But there’s also a downside to the tech boom. It’s making it more difficult than ever to recruit and retain software developers and other tech workers who can demand more money and other perks amid wide competition for their talents — and who can simply leave if they don’t get them.
Cognizant Technology Solutions CEO Brian Humphries is grappling with the challenge while running one of the industry’s largest outsourcing firms. The Teaneck, New Jersey, company has been hiring rapidly during the past year to increase its workforce to roughly 318,000 employees as of September 30, a 12% increase from roughly 283,000 at the same time in the previous year. But the attrition rate of departing employees stood at 33% in the July-September quarter, higher than the company’s peers.
Humphries recently discussed the current recent imbalance in the technology labor market
Q: How difficult is it to hire tech workers right now?
A: There is a demand level, unlike anything we have ever seen in many, many years. And that demand increase is ultimately fueled by digital acceleration. And every company in the world, regardless of the industry, is pushing toward digital business models. So that is ultimately leading to this situation that are faced with today.
Continue reading your story on the app
Continue reading your story in the magazine
Amazon Fires 2 Union Organizers Tied to First U.S. Labor Win
Amazon has fired two employees with ties to the grassroots union that led the first successful U.S. organizing effort in the retail giant’s history.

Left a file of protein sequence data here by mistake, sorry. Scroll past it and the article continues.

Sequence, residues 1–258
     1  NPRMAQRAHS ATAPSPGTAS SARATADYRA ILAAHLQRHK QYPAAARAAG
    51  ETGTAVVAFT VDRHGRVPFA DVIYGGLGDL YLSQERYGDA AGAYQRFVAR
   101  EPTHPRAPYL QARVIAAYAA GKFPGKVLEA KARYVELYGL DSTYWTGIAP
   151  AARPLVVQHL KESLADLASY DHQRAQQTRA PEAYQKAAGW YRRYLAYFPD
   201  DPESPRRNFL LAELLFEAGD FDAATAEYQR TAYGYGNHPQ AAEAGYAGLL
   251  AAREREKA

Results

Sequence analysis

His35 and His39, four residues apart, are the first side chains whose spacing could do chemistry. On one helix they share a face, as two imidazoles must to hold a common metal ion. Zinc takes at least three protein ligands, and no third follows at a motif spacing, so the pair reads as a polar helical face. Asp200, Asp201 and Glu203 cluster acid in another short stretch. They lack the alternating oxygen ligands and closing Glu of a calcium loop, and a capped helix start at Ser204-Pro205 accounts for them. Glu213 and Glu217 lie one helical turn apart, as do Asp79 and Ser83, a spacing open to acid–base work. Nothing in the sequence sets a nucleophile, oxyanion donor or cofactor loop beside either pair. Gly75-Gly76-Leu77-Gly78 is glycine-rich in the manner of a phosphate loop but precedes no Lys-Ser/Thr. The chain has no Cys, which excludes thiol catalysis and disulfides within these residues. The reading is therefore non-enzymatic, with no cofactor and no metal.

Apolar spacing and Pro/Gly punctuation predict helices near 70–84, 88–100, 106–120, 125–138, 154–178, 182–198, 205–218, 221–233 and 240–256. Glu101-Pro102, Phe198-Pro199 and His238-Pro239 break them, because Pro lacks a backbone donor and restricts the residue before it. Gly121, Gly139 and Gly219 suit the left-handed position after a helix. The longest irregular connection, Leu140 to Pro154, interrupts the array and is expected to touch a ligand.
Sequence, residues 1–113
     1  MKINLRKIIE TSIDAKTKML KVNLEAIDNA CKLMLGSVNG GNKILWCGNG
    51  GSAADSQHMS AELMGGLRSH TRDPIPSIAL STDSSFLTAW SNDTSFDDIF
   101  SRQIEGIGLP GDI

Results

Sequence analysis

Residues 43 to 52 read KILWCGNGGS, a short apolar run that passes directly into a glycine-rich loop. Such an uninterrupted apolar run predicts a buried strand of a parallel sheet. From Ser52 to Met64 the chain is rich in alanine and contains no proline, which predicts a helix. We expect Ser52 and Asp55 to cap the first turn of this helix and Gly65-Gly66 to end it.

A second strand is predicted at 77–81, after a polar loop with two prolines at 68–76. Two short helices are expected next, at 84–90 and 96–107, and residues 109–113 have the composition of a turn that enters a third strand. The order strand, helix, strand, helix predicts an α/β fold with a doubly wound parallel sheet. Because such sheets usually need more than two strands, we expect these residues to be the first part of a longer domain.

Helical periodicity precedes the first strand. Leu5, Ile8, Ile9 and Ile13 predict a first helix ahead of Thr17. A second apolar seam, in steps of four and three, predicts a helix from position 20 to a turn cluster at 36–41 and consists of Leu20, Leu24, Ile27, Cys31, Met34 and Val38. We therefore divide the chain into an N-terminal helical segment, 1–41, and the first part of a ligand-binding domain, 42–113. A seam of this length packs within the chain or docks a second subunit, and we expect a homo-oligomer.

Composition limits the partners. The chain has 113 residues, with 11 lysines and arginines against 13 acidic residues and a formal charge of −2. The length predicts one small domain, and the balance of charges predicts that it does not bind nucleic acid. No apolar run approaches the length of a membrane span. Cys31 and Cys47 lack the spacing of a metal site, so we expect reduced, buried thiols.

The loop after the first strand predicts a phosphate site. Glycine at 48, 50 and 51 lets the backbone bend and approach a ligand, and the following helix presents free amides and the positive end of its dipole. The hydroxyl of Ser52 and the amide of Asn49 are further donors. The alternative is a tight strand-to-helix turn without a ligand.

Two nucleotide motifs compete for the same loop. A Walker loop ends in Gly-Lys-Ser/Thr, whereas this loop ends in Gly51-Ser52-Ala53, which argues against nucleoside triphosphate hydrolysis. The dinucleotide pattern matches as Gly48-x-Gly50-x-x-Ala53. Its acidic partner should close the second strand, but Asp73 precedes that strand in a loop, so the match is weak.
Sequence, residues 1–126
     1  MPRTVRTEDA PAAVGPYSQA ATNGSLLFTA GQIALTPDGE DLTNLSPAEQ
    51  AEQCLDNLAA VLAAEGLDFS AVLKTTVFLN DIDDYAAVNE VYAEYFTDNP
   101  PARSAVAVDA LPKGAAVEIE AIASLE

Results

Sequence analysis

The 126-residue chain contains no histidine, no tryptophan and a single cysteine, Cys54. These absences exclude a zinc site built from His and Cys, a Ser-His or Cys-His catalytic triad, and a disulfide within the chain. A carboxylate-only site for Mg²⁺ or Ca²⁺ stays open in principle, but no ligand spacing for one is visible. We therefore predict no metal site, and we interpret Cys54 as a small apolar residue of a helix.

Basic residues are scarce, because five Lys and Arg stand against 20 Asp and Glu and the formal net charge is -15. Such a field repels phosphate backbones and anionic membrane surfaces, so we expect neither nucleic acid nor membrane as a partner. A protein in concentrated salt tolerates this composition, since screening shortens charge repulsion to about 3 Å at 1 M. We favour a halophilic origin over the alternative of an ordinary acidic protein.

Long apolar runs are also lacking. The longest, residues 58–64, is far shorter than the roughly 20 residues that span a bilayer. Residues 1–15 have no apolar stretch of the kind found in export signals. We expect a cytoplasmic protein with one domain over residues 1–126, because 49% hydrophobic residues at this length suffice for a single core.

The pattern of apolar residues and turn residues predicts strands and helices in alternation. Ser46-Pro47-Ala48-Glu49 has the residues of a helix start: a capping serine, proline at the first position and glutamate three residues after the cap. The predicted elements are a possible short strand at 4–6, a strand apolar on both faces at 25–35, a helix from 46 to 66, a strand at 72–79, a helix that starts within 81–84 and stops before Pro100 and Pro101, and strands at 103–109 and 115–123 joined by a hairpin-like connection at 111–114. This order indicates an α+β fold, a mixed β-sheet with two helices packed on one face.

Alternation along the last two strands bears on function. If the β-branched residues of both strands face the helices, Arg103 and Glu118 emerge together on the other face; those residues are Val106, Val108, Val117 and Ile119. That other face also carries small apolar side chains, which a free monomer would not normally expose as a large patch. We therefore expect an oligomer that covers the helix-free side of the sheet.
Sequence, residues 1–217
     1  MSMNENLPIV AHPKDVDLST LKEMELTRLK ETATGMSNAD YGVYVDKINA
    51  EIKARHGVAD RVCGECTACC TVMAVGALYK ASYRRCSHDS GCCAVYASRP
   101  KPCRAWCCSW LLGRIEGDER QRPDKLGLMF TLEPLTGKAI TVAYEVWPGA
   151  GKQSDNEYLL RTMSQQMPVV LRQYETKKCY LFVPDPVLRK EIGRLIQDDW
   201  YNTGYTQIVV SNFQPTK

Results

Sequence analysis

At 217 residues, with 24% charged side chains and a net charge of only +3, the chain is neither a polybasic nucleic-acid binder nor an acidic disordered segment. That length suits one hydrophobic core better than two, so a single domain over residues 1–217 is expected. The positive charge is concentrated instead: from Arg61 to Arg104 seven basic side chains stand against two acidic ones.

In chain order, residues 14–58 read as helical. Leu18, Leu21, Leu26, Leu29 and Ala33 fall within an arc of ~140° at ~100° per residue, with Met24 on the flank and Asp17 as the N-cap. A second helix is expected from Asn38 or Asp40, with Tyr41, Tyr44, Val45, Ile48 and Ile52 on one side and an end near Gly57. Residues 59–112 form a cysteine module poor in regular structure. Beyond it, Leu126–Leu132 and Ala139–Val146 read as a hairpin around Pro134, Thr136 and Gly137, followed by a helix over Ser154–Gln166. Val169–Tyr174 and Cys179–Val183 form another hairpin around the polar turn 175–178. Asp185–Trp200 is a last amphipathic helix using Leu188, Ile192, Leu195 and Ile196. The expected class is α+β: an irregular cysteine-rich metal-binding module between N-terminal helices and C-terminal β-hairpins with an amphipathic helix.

2022 IS THE YEAR OF ALL-INCLUSIVE TRAVEL, AND HERE'S WHY
The hotel name Zoetry (in Zoetry Montego Bay Jamaica) has an umlaut mark over the letter "e."
'TOP GUN' SEQUEL A WELCOME TRIP TO THE DANGER ZONE
Early on in "Top Gun: Maverick," Tom Cruise hops on his sleek motorcycle, wearing Aviator sunglasses and a leather jacket with patches, and speeds into a time machine. No, that's not right. It's actually us who take a trip back.
Rumors: What to expect with Apple's 2022 redesign
4 WAYS TO PROTECT YOUR SMALL BUSINESS FROM CYBER ATTACKS
Since the beginning of the COVID-19 pandemic, small businesses have quickly adopted remote working and transitioned to new technologies, such as contactless payments and online ordering.
A BEZOS-BIDEN SQUABBLE: CAN CORPORATE TAXES TAME INFLATION?
Jeff Bezos this weekend became the latest centi-billionaire to launch a political fight on Twitter by denouncing a tweet from President Joe Biden about corporate taxes as "disinformation” and “misdirection."
BIDEN ADMINISTRATION TO RELEASE $45B FOR NATIONWIDE INTERNET
The Biden administration is taking the first steps to release $45 billion to ensure that every U.S. resident has access to high-speed internet by roughly 2028, inviting governors and other leaders to start the application process.
NISSAN MULLING THIRD AUTO PLANT IN THE US TO MEET EV DEMAND
Nissan is considering adding a new auto plant in the U.S. to keep up with growing demand for electric vehicles, a top executive at the Japanese automaker said.
MENACED BY FLAMES, NUCLEAR LAB PEERS INTO FUTURE OF WILDFIRE
Public schools were closed and evacuation bags packed this week as a stubborn wildfire crept within a few miles of the city of Los Alamos and its companion U.S. national security lab - where assessing apocalyptic threats is a specialty and wildland fire is a beguiling equation.
WITH ROE IN DOUBT, SOME FEAR TECH SURVEILLANCE OF PREGNANCY
When Chandler Jones realized she was pregnant during her junior year of college, she turned to a trusted source for information and advice.